Prepared by McKinsey & Company and sponsored in part by WWF, the study – released in Brussels on Monday — spells out the costs of cutting carbon emissions, but makes it clear that only by acting now will the world avoid the worst impacts of climate change. The price would be less than half a 1% of global GDP.
The detailed study lists more than 200 opportunities, spread across 10 sectors and 21 geographical regions, to cut total global greenhouse-gas emissions by about 40% below 1990 levels by 2030. The findings are presented in the form of an “abatement cost curve” that graphically illustrates the sectors where the most cost-effective carbon reductions can be made. They include power generation, the agriculture and forestry sectors, and energy.
By 2030, according to the study, wind, solar and other sustainable renewable energy could provide almost a third of all global power needs; energy efficiency could reduce greenhouse-gas emissions by more than a quarter, and deforestation in developing countries could be almost fully halted.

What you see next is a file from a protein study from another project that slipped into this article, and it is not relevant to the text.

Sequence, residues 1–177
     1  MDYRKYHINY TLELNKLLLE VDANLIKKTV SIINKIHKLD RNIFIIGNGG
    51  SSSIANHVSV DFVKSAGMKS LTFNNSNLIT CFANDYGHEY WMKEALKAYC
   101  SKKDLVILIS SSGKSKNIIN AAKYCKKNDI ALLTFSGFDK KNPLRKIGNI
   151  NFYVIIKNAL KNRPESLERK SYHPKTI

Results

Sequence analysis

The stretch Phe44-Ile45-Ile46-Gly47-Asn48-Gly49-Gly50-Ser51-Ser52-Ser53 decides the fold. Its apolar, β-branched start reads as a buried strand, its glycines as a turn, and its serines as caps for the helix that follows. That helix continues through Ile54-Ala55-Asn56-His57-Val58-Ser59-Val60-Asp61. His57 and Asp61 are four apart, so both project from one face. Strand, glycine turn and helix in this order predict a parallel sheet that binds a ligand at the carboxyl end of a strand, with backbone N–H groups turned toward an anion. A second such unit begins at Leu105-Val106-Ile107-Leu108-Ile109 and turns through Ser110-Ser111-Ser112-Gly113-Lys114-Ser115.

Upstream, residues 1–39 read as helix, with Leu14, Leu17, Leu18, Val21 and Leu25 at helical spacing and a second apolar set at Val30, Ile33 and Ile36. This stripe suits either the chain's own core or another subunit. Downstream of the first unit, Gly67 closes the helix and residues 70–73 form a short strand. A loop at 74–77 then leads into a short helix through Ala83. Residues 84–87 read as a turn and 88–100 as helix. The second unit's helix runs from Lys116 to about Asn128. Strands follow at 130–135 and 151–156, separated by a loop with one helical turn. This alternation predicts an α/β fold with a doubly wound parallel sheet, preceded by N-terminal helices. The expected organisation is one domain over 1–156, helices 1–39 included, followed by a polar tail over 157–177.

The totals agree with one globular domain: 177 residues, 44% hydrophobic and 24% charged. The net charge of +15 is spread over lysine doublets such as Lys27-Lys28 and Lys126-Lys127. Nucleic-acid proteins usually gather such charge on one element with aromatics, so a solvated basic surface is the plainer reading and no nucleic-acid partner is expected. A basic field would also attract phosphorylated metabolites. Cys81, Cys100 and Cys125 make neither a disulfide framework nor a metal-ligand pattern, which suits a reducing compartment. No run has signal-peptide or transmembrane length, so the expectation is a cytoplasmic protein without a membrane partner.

“As governments now invest in rebuilding the global economy,” said WWF director-general James Leape, “they have a unique opportunity, and indeed the imperative, to build a low-carbon economy that will both create jobs and stabilise the climate. The low-carbon technologies and production models already exist and they make economic as well as environmental sense.”
See full story